Editing and Proofreading

One of the most important parts of the writing process is editing. It doesn’t matter how good your writing skills are, no one can write a perfect first draft. Great editing ensures great writing.

There are generally two types of ‘editing’ – copyediting and proofreading. They are both important, but not all written work requires the more fulsome editing process. Sometimes proofreading is enough.

Editing (or copyediting)

A copy editor is your partner in publication. In this role, I will make sure your writing is telling the ‘story’ in the best way possible by focussing on both the small details and the big picture. This includes:

  • checking and correcting grammar, spelling, syntax and punctuation;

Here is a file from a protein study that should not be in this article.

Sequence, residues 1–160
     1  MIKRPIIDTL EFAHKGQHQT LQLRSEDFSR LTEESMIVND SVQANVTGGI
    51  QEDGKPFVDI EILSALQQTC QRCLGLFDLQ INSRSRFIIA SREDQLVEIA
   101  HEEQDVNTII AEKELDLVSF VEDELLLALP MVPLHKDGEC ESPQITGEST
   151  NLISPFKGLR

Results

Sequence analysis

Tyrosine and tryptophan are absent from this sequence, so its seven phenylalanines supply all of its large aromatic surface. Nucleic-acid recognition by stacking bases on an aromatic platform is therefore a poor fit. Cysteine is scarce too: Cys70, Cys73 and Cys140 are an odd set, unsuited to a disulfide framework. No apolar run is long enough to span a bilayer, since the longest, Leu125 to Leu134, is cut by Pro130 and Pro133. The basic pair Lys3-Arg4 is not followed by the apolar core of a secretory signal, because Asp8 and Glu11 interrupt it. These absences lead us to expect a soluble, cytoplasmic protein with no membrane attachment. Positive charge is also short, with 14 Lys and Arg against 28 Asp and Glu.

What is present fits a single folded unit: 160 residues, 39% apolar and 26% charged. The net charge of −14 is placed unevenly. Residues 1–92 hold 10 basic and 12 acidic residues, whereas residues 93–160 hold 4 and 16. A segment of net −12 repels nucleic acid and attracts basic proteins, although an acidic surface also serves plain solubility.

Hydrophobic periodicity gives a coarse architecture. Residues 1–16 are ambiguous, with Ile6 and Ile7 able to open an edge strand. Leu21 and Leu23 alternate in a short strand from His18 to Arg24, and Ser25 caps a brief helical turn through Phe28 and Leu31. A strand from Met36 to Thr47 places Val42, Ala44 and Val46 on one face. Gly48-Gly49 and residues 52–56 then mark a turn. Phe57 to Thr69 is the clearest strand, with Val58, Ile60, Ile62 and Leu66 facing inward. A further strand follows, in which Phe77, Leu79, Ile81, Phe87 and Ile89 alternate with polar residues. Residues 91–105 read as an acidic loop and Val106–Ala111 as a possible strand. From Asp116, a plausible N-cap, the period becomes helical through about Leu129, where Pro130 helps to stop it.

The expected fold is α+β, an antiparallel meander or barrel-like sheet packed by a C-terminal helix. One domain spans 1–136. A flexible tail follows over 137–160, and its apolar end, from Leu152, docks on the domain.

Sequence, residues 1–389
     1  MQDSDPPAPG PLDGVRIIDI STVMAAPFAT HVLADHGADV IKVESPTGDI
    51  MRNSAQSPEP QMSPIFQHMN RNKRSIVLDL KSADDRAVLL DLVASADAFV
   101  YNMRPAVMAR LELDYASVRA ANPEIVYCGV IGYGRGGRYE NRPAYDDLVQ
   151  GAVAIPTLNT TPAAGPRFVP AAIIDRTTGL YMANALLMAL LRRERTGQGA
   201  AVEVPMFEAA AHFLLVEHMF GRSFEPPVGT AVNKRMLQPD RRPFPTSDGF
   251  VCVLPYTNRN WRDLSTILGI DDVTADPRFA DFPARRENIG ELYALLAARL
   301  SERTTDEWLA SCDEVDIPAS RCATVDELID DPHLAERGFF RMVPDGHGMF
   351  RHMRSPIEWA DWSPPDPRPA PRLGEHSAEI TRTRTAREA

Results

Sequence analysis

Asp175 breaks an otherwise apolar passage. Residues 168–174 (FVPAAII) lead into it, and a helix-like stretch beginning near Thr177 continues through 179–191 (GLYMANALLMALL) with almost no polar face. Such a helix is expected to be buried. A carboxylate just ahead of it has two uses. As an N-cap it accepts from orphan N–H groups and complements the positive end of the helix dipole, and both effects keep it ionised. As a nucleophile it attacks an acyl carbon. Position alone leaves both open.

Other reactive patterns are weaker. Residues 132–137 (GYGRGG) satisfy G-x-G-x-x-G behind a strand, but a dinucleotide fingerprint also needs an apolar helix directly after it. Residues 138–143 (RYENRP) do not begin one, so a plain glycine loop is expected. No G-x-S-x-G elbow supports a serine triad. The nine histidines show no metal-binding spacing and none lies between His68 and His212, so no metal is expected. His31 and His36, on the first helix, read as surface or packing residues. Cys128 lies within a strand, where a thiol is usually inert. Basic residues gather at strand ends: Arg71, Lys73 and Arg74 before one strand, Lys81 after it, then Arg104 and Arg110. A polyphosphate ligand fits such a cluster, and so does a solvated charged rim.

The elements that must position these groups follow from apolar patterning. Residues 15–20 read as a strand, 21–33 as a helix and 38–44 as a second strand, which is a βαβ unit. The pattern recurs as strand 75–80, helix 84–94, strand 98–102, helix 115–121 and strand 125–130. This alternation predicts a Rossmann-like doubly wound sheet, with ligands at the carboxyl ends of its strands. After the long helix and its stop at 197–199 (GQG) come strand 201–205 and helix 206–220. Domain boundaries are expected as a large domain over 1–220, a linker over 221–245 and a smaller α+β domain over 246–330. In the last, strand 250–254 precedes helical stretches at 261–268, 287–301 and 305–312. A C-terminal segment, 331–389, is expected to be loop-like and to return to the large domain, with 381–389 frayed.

• analysing word usage and sentence structure;
  • checking for technical consistency in all aspects of the document (including spelling, capitalisation, numerals, hyphenation, pagination etc.);
  • checking for continuity errors;
  • performing a facts check where necessary; and
  • ensuring the ‘story’ is consistent, cohesive, correct and complete.

Proofreading

Proofreading generally happens after a piece of writing has undergone a full copyedit and is in its ‘final’ form. This is a quality assurance measure, more than anything else. While it does include light editing, a proofread is not a full edit. Here is what it does include:

  • checking for consistency;
  • checking cross-references if any;
  • checking and correcting punctuation and spelling;
  • checking and correcting capitalisation;
  • looking for typos; and
  • checking final version formatting.

Contact Kristen here.